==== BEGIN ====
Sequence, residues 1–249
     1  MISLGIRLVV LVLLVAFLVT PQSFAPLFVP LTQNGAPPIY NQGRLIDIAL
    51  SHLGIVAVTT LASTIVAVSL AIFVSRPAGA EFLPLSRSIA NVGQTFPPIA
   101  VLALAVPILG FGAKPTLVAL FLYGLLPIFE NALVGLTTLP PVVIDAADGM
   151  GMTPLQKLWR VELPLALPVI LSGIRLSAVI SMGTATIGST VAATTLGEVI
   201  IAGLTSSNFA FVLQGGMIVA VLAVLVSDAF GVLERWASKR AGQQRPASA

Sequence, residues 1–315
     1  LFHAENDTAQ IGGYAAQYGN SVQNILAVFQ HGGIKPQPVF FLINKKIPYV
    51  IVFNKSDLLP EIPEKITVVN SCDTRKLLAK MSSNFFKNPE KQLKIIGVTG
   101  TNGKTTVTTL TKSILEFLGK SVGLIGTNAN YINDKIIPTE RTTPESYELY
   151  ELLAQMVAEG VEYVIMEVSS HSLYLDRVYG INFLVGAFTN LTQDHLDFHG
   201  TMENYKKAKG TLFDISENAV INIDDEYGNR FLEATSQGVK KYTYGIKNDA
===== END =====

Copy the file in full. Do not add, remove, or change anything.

Sequence, residues 1–249
     1  MISLGIRLVV LVLLVAFLVT PQSFAPLFVP LTQNGAPPIY NQGRLIDIAL
    51  SHLGIVAVTT LASTIVAVSL AIFVSRPAGA EFLPLSRSIA NVGQTFPPIA
   101  VLALAVPILG FGAKPTLVAL FLYGLLPIFE NALVGLTTLP PVVIDAADGM
   151  GMTPLQKLWR VELPLALPVI LSGIRLSAVI SMGTATIGST VAATTLGEVI
   201  IAGLTSSNFA FVLQGGMIVA VLAVLVSDAF GVLERWASKR AGQQRPASA

Sequence, residues 1–315
     1  LFHAENDTAQ IGGYAAQYGN SVQNILAVFQ HGGIKPQPVF FLINKKIPYV
    51  IVFNKSDLLP EIPEKITVVN SCDTRKLLAK MSSNFFKNPE KQLKIIGVTG
   101  TNGKTTVTTL TKSILEFLGK SVGLIGTNAN YINDKIIPTE RTTPESYELY
   151  ELLAQMVAEG VEYVIMEVSS HSLYLDRVYG INFLVGAFTN LTQDHLDFHG
   201  TMENYKKAKG TLFDISENAV INIDDEYGNR FLEATSQGVK KYTYGIKNDA